Malaysia Airlines Flight 370 with 239 people aboard disappeared March 8 on a night flight from Kuala Lumpur to Beijing. Malaysian authorities have not ruled out any possible explanations, but have said the evidence so far suggests the flight was deliberately turned back across Malaysia to the Strait of Malacca, with its communications systems disabled. They are unsure what happened next and why.
Investigators have identified two giant arcs of territory spanning the possible positions of the plane about seven-and-a-half hours after takeoff, based on its last faint signal to a satellite — an hourly "handshake" signal that continues even when communications are switched off. The arcs stretch up as far as Kazakhstan in central Asia and down deep into the southern Indian Ocean.
Police are considering the possibility of hijacking, sabotage, terrorism or issues related to the mental health of the pilots or anyone else on board, and have asked for background checks from abroad on all foreign passengers.
Hishammuddin said such checks have been received for all the foreigners except those from Ukraine and Russia - which account for three passengers. "So far, no information of significance on any passengers has been found," Hishammuddin said.
The 53-year-old pilot joined Malaysia Airlines in 1981 and had more than 18,000 hours of flight experience. People who knew Zaharie from his involvement in opposition political circles in Malaysia and other areas of his life have described him as sociable, humble, caring and dedicated to his job.
The crisis has exposed the lack of a failsafe way of tracking modern passenger planes on which data transmission systems and transponders — which make them visible to civilian radar — have been severed. At enormous cost, 26 countries are helping Malaysia look for the plane.
Relatives of passengers on the missing airliner — two thirds of them from China — have grown increasingly frustrated over the lack of progress in the search. Planes sweeping across vast expanses of the Indian Ocean and satellites peering on Central Asia have turned up no new clues.
"It's really too much. I don't know why it is taking so long for so many people to find the plane. It's 12 days," Subaramaniam Gurusamy, 60, said in an interview from his home on the outskirts of Kuala Lumpur. His 34-year-old son, Pushpanathan Subramaniam, was on the flight heading to Beijing for a work trip.
"He's the one son I have," Subaramaniam said.
Before Wednesday's news briefing at a hotel near the Kuala Lumpur airport, two Chinese relatives of passengers held up a banner saying "Truth" in Chinese and started shouting before security personnel escorted them out.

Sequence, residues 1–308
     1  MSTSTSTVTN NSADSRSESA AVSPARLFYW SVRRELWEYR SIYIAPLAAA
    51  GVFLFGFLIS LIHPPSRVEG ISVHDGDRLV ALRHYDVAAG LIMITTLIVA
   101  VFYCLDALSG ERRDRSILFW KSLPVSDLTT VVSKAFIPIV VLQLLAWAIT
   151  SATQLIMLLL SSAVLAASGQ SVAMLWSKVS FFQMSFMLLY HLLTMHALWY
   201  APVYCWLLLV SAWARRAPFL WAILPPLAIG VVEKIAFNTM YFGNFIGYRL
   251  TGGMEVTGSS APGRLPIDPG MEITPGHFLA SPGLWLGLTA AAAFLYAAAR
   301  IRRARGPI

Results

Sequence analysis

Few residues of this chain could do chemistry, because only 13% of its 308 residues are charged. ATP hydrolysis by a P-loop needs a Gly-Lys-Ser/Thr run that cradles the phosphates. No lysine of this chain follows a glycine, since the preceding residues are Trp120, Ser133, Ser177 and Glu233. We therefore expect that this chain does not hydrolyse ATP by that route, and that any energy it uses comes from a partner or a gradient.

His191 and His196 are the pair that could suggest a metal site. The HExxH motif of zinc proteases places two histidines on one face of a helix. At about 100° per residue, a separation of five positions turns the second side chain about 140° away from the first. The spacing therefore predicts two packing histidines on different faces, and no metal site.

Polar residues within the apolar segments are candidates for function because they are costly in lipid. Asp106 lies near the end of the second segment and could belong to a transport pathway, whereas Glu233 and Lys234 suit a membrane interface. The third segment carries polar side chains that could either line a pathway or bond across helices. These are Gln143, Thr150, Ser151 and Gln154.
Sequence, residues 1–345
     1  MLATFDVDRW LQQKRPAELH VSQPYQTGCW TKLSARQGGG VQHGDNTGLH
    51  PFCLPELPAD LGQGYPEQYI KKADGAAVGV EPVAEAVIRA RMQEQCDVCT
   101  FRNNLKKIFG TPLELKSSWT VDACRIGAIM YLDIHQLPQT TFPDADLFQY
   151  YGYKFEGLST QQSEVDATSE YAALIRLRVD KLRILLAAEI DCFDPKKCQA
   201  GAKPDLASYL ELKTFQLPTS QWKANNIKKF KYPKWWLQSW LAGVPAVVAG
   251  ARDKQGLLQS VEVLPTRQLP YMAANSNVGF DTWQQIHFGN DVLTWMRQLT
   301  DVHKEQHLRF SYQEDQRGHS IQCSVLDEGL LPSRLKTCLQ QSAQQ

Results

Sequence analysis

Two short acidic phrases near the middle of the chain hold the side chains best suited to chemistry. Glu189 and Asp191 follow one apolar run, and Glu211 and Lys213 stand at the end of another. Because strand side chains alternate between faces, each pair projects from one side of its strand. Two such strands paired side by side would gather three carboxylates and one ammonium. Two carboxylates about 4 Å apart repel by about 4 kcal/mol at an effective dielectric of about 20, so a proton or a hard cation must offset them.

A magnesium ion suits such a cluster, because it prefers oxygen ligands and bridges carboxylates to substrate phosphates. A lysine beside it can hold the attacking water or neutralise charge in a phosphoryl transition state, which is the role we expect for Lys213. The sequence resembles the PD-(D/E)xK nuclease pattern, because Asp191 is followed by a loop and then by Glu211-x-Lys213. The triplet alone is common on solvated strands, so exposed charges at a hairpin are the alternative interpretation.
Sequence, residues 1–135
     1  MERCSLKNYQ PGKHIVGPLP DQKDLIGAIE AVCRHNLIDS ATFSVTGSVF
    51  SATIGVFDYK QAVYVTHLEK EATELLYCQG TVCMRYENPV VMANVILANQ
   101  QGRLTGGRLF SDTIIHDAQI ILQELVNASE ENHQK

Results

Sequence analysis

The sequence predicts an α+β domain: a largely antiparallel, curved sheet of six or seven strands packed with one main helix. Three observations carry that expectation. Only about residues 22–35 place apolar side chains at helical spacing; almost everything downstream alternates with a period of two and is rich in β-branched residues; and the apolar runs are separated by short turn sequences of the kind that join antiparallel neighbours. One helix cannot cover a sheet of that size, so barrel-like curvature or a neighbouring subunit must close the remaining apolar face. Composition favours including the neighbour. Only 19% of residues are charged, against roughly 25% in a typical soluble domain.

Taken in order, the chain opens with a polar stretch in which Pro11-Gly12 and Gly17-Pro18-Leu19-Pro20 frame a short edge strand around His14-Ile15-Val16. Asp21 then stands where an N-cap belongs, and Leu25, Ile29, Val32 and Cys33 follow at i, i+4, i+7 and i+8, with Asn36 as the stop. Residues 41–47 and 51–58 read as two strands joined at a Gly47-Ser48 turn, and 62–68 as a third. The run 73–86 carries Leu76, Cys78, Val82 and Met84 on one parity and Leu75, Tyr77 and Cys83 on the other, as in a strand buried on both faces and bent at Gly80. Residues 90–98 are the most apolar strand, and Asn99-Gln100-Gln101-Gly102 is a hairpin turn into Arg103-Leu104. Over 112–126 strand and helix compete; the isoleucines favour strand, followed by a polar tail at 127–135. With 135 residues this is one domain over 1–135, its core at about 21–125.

"I want you to help me to find my son!" one of the two women said.
Hishamuddin announced that a delegation of Malaysian government officials, diplomats, air force and civil aviation officials will head to Beijing — where many of the passengers' relatives are gathered — to give briefings to the next of kin on the status of the search.
Aircraft from Australia, the US and New Zealand on Wednesday scoured a search area stretching across 305,000 square km of the Indian Ocean, about 2,600 km southwest of Perth, on Australia's west coast. Merchant ships were also asked to look for any trace of the plane.
Nothing has been found, the Australian Maritime Safety Authority said.
China has said it was reviewing radar data and deployed 21 satellites to search the northern corridor, although it is considered less likely that the plane could have taken that route without being detected by military radar systems of the countries in that region.
Those searches so far have turned up no trace of the plane, Chinese Foreign Ministry spokesman Hong Lei said.
Indonesian defence minister Purnomo Yusgiantoro said Indonesia military radar didn't pick up any signs of Flight 370 on the day the plane went missing. He said Malaysia had asked Indonesia to intensify the search in its assigned zone in the Indian Ocean west of Sumatra, but said his air force was strained in the task.
"We will do our utmost. We will do our best. But you do have to understand our limitations," Purnomo said.
Hishammuddin said both the southern and the northern sections of the search area were important, but that "some priority was being given to that (southern) area." He didn't elaborate.
Malaysian investigators say the plane departed 12.41am on March 8 and headed northeast toward Beijing over the Gulf of Thailand, but that it turned back after the final words were heard from the cockpit. Malaysian military radar data places the plane west of Malaysia in the Strait of Malacca at 2.14am.
Thailand divulged new radar data on Tuesday that appeared to corroborate Malaysian data showing the plane crossing back across Peninsular Malaysia.
German insurance company Allianz said on Wednesday that it has made initial payments in connection with the missing plane. Spokesman Hugo Kidston declined to say how much had been paid, but said it was in line with contractual obligations when an aircraft is reported as missing.